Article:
I first came across Rachael Boast’s poetry when I read ‘Cabin Fever’, possibly here.
When night and the key to the door
descend together to the bottom
of a bottle of Laphroaig,
have your good ear ready
until the firth is a salty chorale,
The downward momentum of these first few lines full of hollow ‘o’s continues through a blend of the metaphysical and descriptive. I can still remember the going-down-in-a-lift sensation which returns, beautifully, at the end; and the thrill of discovery.
‘Cabin Fever’ was in Boast’s first collection, Sidereal, which won the Forward first collection prize. I was afraid of disappointment with Pilgrim’s Flower, also published by Picador: could it be as good? Yes. Casting about for adjectives, ‘dizzying’ seems right. The poems in both books have a kinaesthetic effect. Ears are for the music of poetry but also for balance. If Sidereal was vertiginous, Pilgrim’s Flower is heady from a combination of metaphysics with the everyday balance of walking. (But that’s a simplification – both books contain all these elements.) A pilgrim is on a quest and/or carrying out an act of religious devotion; there are many poems with a walker’s-eye view, and churches. This is the beginning of ‘Deer Park’:
For a path is an un-going, congruent with the steep gradient,
a scar impressed across the landscape, prepared ground.
Turning this way and that, it is a parting, as if a stag
was buried deep in the hillside of the dream of itself.
‘Fire Door’ has an epigraph from Brodsky, which works for the whole book: “And isn’t a song, or a poem… a game language plays to restructure time?” ‘Fire Door’ starts with a description of a journey and landscape and moves in to a scene where the narrator is opening the bar of a fire door to let the ‘you’ of the poem in:
saying we’ve been through this one before –
so much so, these sleepers crossing over
the rivers of other lives lead again
to the descending sun flaring above a line
of cloud as I return to the place
from which I started out, a place that could
trick me into thinking no time at all
had passed, were it not that I remembered
your flash remark: it’s alright, it’s the door
that’s on fire, you said, not the spaces on either side.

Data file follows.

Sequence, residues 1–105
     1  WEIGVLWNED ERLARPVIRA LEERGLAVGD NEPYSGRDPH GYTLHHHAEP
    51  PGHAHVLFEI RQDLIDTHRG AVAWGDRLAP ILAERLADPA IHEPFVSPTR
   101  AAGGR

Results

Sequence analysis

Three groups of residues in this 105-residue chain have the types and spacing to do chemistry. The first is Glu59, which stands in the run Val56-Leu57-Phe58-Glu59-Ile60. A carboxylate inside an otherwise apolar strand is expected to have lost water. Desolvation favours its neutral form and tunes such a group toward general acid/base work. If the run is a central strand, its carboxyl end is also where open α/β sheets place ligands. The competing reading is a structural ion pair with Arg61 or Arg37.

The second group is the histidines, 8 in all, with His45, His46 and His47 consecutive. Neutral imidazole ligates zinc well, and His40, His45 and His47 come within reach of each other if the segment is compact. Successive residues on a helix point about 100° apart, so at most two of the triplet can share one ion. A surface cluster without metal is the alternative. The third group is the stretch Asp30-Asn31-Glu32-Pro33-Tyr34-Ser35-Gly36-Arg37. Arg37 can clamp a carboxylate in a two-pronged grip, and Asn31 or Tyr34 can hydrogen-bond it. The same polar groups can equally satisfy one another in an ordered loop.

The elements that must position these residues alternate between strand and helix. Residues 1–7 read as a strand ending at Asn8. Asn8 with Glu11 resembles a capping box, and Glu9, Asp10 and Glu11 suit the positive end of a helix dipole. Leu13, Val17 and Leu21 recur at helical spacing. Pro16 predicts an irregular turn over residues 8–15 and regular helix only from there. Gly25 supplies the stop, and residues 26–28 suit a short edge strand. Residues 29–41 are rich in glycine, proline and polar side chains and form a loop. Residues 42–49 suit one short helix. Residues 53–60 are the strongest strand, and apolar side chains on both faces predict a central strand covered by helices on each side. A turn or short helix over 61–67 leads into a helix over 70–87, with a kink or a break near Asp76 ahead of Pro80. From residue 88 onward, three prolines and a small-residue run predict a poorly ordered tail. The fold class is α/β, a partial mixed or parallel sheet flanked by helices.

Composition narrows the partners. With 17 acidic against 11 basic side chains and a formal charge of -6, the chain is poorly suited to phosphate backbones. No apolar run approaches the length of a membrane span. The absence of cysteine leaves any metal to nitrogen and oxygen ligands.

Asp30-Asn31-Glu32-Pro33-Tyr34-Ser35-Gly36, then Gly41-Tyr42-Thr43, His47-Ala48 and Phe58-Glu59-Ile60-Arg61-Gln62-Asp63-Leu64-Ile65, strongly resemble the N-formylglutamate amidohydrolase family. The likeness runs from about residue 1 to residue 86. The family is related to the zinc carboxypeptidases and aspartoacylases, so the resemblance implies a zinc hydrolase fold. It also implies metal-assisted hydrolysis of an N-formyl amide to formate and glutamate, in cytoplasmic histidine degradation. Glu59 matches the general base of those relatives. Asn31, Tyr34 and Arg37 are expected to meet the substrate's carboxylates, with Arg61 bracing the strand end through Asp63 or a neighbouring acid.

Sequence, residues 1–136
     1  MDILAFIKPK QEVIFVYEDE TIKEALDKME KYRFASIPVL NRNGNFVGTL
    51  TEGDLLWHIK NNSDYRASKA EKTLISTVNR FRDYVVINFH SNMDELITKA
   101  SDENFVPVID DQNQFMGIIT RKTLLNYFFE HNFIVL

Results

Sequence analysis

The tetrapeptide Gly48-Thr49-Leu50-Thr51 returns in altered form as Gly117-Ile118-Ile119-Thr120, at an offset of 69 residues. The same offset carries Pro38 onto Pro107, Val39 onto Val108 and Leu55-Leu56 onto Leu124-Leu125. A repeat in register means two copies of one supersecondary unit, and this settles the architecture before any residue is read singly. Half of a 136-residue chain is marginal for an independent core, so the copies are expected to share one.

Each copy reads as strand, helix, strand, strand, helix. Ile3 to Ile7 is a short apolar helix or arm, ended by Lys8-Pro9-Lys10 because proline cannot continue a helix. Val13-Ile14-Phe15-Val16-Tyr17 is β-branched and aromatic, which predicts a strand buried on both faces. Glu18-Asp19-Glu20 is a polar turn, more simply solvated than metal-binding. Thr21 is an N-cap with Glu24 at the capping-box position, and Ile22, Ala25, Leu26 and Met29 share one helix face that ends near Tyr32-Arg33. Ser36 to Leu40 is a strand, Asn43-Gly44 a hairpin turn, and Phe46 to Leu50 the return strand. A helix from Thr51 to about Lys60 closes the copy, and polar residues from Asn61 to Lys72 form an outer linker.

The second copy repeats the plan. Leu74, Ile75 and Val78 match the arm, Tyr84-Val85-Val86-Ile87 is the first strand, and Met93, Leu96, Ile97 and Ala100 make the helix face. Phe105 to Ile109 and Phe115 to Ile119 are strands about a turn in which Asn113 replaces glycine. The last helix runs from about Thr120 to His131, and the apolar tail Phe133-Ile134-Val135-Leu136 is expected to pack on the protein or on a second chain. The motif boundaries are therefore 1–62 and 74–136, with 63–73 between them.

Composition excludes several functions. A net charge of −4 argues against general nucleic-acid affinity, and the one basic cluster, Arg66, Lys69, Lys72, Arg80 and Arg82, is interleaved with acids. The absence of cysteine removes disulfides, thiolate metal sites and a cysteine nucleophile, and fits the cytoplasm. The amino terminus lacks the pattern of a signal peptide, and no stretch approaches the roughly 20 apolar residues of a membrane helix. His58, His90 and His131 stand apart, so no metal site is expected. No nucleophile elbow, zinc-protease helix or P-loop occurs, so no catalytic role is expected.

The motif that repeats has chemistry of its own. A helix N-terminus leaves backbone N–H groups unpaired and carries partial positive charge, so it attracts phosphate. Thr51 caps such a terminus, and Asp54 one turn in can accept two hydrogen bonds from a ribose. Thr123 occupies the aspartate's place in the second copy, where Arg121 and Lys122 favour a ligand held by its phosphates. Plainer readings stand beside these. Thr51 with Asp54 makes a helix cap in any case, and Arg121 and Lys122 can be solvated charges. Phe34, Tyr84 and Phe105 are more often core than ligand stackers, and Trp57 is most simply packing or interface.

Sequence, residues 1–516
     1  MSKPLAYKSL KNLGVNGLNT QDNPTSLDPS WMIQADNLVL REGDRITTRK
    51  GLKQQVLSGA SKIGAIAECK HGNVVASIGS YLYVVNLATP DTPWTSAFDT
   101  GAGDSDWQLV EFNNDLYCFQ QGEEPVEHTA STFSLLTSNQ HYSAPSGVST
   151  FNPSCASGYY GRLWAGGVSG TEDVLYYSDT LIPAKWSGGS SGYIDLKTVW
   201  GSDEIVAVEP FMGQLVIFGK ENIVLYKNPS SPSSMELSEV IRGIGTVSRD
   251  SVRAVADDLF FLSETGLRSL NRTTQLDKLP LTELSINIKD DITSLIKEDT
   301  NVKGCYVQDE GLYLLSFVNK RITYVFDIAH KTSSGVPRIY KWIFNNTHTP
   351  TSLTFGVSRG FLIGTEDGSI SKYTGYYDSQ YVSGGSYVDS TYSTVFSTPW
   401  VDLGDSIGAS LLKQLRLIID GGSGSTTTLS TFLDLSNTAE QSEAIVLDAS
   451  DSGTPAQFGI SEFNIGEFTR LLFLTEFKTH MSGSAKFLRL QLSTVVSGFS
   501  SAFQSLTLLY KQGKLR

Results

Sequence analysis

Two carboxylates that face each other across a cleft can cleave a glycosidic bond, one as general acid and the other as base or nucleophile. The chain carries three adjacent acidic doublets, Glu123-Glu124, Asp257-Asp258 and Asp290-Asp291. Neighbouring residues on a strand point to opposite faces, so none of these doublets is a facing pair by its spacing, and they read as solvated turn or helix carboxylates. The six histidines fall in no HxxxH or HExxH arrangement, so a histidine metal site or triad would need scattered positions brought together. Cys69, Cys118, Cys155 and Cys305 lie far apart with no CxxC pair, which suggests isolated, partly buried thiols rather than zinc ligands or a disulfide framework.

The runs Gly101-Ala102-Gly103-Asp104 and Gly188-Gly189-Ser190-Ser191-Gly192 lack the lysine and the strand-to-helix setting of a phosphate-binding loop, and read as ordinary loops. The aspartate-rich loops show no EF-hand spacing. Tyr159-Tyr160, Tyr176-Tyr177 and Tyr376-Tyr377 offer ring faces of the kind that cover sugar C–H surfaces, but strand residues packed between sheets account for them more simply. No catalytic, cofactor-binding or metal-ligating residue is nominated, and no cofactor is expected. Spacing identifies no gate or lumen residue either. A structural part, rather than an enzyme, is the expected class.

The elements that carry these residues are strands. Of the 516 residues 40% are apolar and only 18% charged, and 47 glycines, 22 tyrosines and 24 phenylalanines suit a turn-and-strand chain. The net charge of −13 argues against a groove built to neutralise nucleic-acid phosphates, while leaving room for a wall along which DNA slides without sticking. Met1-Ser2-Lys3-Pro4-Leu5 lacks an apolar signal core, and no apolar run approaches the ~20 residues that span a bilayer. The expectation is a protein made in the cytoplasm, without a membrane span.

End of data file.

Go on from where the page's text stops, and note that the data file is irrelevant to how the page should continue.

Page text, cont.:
First the ear takes in the way the poem seems to uncoil, careful syntax and lightly enjambed line breaks working together without much punctuation. Only then does the mind examine meaning. I suspect that the writer heard the poem coming before she knew what it was going to say – isn’t that how the best poems are generated? Boast has a page on the Poetry Archive (though without any poems yet, it seems), and one of her favourite quotes is given as Osip Mandelstam’s "The poem lives through an inner image, that ringing mold of form which anticipates the written poem. There is not yet a single word, but the poem can already be heard."
The placing of vowel sounds is important. Boast uses assonance, and its opposite. Though ‘uses’ may not be the right word; at least some of this is probably instinctive, originating in the place-before-words. ‘What You Will’, just one example, has in its six couplets:
“I… wineglass empty… mealtimes… I might… in… transparency… away… festivity… silver… creates… in… trees. I didn’t think. I… breeze… piece… in me… I’d suddenly… my way… circling… by… floating… I re-… in… eye, recalling… boy… rhymes… conjoining Jupiter… sky.”
I’ve probably missed some out (“the” counts, and I’ve left all those out). The last two couplets are:
I re-read that look in your eye, recalling
the blue boy on bread and water and the rhymes
of the hour, the moon conjoining Jupiter
among the seven hundred poems of the sky.
The poem opposite this one, ‘Aubade’, also in couplets, sounds very different:
In the emollient night of roses and paraffin,
of burning hands and of all that burns
of broken sleep piecing together what for
so long had remained lost of what was lost
That ‘o’ in “emollient” dominates but the sounds change in the final three couplets. The contrast between the other vowel sounds and the ‘o’s is just as important. As for the repetition, that’s characteristic.
A few poems contain more straightforward narrative or exposition, for example parts of the longer poem ‘To St Mary Redcliffe’, and ‘Double Life’, addressed to Thomas Chatterton:
You were bored of the mercantile and paid no heed to it
and when someone asked your name
coughed politely and walked the other way.
For me they are not as successful as those – the majority – where the thought twines over and through itself. I prefer to start each poem not knowing where I am, set down in the middle of a thoughtscape to find my bearings and follow the lie of the land. Boast can set this up with brevity, as in the five-line poem ‘Herm’ which you can read at the end of the Observer review of this book.
There’s humour among the metaphysical. Three short love poems are ‘After Rioja’ (kinaesthetic poems can be erotic), and this is from ‘Annunciation in an Elevator’:
you were discussing miracles in the third person
with Picasso, wiping your plate unawares
with bread, wondering how it is we don’t melt
in the bath tub.
Many of the poems are addressed to a ‘you’ which often feels like a partner, though sometimes is someone else entirely, such as Coleridge (at which point the ‘flower’ of the title made me think of the Lyrical Ballads) or Akhmatova. Whoever it is, ‘you’ becomes the reader; the voice of these poems is speaking from very close by, even from inside my head.
Another of Boast’s favourite quotes is again by Brodsky: "Language propels the poet into spheres he would not otherwise be able to approach". Rather like a pilgrimage. Reading this book might take you there too. Here is part V of a longer poem, ‘The Garden Path’:
Life’s precarious, a bed of water;
the sleep that comes
comes like an untying of ropes
that burn until I let the last one go,
the last small fire my hand can hold.